My Breast Cancer Story.
This is a hard one for me to write. Hard on many levels and as you read on, you will see why. If you don’t read the whole story, I won’t mind. What I do urge for you to do, if you are a woman, is to get a mammogram. Do self exams. Take care of yourself for once. Be there for your family.
There are no pretty pictures to look at. This is just my story …. so far.
I will start at the beginning.
I have always had dense and fibrous breasts. I remember getting my first mammogram years ago and about a week later getting a letter telling me to call my Doctor – something was wrong. I, of course, panicked. It is what any woman would do.
Turns out I had a couple of spots that needed re-checking. This happened year after year. I began to get mammograms every 6 months. I got so used to reading the letters, or getting a call, that said to call my doctor immediately, that I grew insensitive to it. I couldn’t freak out about it and stop my life for something that I “knew” would turn to nothing.
So what did I do? I decided to quit getting mammograms. Well, actually we moved and I was busy and I didn’t want to find a new doctor. I knew what would happen anyway. Right.
Three years went by with no mammogram. To be honest, I didn’t miss the squishing and prodding and certainly didn’t miss the phone calls and letter.
In November of 2014, I finally went for a mammogram. I went because I urged my partner to go. I made a promise that if she went I would go. We both went to the imaging center, sat in the waiting room and went to our test. End of story.
Not end of story. I got a call a couple of days later and was told I needed to come in for a comprehensive mammogram. I made an appointment with the young lady for that afternoon. It still never occurred to me that there would be something wrong. I can clearly remember joking with her and telling a friend of mine that it was a routine follow up. Nothing to worry about.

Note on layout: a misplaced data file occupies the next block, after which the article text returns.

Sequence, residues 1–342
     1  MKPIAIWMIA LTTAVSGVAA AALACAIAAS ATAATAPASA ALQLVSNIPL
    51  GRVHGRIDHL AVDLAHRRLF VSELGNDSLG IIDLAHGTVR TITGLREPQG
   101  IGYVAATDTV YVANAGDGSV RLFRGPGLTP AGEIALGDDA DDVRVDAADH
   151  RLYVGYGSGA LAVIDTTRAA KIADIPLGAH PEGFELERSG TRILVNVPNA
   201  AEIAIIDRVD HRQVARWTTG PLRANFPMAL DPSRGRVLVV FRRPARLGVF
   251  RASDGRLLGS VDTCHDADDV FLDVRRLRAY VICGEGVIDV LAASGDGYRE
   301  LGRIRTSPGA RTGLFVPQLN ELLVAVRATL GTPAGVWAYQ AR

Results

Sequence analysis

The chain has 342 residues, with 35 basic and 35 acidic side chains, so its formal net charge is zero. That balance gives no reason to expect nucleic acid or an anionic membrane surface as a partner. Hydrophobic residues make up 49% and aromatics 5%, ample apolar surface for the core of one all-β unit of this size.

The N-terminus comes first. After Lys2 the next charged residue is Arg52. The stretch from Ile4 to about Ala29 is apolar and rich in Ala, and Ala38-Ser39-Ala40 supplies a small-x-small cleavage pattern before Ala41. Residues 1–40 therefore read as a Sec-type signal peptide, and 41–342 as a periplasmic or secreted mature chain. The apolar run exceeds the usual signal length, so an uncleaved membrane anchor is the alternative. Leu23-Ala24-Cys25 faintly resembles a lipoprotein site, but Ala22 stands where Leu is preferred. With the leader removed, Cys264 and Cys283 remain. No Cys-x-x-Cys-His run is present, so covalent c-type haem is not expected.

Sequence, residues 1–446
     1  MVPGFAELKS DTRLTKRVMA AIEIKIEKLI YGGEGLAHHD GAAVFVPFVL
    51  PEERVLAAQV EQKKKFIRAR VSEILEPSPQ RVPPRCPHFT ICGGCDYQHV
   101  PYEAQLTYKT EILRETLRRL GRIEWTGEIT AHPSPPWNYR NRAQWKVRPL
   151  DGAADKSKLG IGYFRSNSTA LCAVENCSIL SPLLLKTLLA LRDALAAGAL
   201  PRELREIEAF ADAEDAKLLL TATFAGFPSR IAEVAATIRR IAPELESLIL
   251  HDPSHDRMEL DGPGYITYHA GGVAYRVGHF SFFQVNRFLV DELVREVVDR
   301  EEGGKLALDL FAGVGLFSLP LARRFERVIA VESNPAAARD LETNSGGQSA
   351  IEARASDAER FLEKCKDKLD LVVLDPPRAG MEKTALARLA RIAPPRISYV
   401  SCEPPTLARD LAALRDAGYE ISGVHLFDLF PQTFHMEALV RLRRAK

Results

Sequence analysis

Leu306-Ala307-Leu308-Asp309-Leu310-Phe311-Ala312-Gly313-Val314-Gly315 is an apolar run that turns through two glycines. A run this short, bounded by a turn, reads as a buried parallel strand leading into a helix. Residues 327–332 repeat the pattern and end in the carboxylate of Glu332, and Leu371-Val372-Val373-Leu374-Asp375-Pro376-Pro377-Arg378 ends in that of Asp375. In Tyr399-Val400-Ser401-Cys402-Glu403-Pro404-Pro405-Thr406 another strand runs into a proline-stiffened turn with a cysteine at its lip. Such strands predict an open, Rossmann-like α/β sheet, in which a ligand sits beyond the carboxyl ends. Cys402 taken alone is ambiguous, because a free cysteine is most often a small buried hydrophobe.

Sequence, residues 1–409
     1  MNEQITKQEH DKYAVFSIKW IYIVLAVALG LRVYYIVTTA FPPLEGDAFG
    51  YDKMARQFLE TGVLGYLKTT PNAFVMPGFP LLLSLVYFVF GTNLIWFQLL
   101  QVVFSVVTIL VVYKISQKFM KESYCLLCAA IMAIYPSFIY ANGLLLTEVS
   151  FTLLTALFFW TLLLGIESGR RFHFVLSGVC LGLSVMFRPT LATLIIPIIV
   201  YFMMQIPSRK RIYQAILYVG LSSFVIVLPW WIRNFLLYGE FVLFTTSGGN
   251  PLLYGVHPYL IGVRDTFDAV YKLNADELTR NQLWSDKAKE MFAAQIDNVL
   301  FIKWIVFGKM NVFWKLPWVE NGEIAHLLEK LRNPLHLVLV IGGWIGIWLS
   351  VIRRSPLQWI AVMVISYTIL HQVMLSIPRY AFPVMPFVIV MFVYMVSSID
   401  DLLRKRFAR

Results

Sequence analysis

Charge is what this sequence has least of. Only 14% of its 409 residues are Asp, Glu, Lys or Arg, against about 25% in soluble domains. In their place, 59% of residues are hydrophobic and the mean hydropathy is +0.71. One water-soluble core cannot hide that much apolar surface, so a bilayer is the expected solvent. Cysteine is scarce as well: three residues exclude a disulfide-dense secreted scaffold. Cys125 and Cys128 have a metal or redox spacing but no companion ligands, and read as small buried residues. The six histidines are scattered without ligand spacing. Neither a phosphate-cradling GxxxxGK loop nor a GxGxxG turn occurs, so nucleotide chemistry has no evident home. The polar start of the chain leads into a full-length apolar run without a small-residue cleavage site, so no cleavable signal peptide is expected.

I knew it was something to worry about when I was brought to a small comfortable room after the test. I was told a Doctor would come and talk to me. The technician held my hand and I knew the news would not be good. I was told I had a 90% chance of having breast cancer. My next step was to schedule a appointment with a surgeon and later a biopsy.
I can’t really tell you much more about that day. I do remember leaving the office and going to my car and calling Big. I remember her crying and then giving me encouraging words. Somehow I drove home and called the rest of my family. I was strong. I had to be. It is who I am. I am here for everyone and need nothing from anyone.
My next step was to meet my surgeon She is a wonderful woman with a soft and gentle personality, but one that you know means business. She advised me that I had high grade ductal carcinoma in-situ. I was asked how quickly I wanted to take care of things. It was close to the holidays and she said I would be ok if I wanted to wait until after the holidays. I didn’t want to wait.
The biopsy was next. I want to tell you about the biopsy. The staff and the doctor were very nice and they were also positive and kept telling me that 80% of biopsies were negative. I felt they were wrong. The biopsy was uncomfortable. I had to lay on a table with my breast hanging through a whole. It was compressed and then they collected a sample of the calcification for testing.
After about a week or so, I got a call with the results that I did have cancer. I know it may seem funny, but I had a strong feeling that the biopsy would turn out positive for cancer. You might think I am crazy, but from the minute I was told there was a cancer in my body, it was as if I could almost feel it in my breast.
After another visit to my surgeon to discuss the results. Surgery was scheduled. Every thing was happening fast and that is exactly how I wanted it. I wanted to get it over and move on with my life.